- Use best practices and industry standards to review your existing cybersecurity
- Run simulated breaches to judge the effectiveness of your plan.
- Review your insurance. Purchase cybersecurity insurance if you don’t have it.
- Train you staff on security policy.
- Hold mandatory, specific training on phishing
- Do security awareness training
Conduct Simulated Phishing
- Run an initial simulation to determine your baseline (how many open emails, how many click, etc.).
- Run additional simulations to you check the efficacy of your security training.
- Don’t send the same simulation to everyone at the same time.
Watch out for Warning Signs in Emails
- Awkward wording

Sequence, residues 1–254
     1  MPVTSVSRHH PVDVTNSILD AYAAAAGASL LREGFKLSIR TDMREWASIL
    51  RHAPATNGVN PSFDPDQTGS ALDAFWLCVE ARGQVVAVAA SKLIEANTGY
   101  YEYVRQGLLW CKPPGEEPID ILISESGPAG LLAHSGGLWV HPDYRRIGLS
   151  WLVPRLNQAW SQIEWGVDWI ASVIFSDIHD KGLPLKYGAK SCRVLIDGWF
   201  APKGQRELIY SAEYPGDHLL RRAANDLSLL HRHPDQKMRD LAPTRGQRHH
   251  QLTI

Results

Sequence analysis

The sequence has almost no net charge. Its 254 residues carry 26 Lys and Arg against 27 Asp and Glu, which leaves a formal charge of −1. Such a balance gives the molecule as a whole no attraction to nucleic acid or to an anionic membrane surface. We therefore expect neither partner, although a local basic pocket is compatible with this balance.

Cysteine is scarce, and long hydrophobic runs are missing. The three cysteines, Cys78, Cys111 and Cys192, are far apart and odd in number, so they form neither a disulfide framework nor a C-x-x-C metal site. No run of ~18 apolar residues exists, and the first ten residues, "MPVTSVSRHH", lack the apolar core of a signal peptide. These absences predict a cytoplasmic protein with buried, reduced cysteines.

- Sight changes in company names, email addresses and URLs
- Unusual urgency or time-sensitivity
- “Code to admin expenses,” “urgent wire transfer,” “urgent invoice payment” and “new account information” are common say the FBI.
What to Do When You Get Attacked
- Contact your bank and ask them if it’s possible to recall the transfer.
- Ask their cybersecurity department to get involved
- Contact the local FBI
- File a complaint at the FBI’s Internet Crime Complaint Center (IC3) at IC3.gov
- Brief your board and senior management in an emergency meeting
- Have IT investigate the breach (change passwords, run detection programs)
- Bring in an outside security specialist
- Contact your insurance company
- Contact your attorneys
- Investigate and identity policy violations
- Take disciplinary action
- Revise your security plan in light of the breach
Call Petronella Technology Group, Inc. today at 877-468-2721 to learn how to protect your business before it’s too late!